In Pride and Prejudice, how have the actions of the people around Elizabeth led to her sense of dissatisfaction?

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M.P. Ossa eNotes educator| Certified Educator

From the beginning of the novella Pride and Prejudice Elizabeth comes across as a very strong young woman, and as an independent thinker. However, her first real experience with people, other than her immediate circle, happens when her family becomes acquainted with the Bingley party. 

Therefore, we witness how Elizabeth is actually discovering for the first time the harsh realities of hypocrisy, class separation, and snobbery.

She discovers hypocrisy through Wickham; a man whom she first admires as a result of the lies he said about his upbringing, and then fights to defend. The result was only to find out he is neither an honorable nor dignified man. This shows that Elizabeth had never before experienced such a blow to her good intentions.

Elizabeth is exposed to class separation and snobbery through the actions of Lady Catherine and Ms. Bingley. Both women show Elizabeth the extent to which any connection to the Bennets would be a socially detrimental move to them, as upper class people. Perhaps Elizabeth never thought before that she (or her family) would be such a social burden to anybody, but she definitely knows now.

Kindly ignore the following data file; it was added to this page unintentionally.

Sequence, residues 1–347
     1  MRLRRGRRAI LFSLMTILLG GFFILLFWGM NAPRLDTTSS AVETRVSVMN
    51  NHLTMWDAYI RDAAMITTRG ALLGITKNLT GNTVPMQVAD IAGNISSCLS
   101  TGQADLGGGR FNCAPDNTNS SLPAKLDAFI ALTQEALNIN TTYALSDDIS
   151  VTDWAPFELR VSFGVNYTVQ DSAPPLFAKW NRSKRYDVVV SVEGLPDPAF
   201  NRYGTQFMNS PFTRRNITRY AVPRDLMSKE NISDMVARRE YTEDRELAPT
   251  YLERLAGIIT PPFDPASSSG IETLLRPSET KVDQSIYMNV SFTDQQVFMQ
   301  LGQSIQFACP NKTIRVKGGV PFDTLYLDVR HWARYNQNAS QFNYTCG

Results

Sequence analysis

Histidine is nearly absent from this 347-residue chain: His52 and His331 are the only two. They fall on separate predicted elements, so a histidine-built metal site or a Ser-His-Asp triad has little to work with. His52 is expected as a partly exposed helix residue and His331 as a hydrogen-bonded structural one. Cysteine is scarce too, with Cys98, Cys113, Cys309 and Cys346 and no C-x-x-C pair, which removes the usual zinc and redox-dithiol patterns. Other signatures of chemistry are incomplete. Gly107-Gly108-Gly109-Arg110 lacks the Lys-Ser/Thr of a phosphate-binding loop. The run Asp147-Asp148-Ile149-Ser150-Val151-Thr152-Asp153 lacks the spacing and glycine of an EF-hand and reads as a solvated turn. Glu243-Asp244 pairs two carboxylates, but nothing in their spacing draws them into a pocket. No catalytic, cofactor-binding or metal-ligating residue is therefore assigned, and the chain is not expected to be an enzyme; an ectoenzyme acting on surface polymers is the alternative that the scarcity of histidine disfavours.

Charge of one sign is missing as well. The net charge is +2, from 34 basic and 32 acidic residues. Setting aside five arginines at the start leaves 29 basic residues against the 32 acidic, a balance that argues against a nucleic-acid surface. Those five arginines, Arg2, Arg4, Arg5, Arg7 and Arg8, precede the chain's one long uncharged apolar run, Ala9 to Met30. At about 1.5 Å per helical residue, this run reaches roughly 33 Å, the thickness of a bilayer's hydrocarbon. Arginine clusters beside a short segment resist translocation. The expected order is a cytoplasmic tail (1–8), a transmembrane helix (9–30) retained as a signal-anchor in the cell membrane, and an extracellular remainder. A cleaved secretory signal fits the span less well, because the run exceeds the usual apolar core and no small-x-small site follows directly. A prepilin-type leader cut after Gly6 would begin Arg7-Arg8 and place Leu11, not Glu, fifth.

Conclusively, Elizabeth is consistently bombarded with new events and experiences that allow her to see society for what it really is: A charade of masks in which people hide behind good manners, and family names, only to engage in their consistently condescending treatment of others that they consider to be "below" their level.  

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Pride and Prejudice

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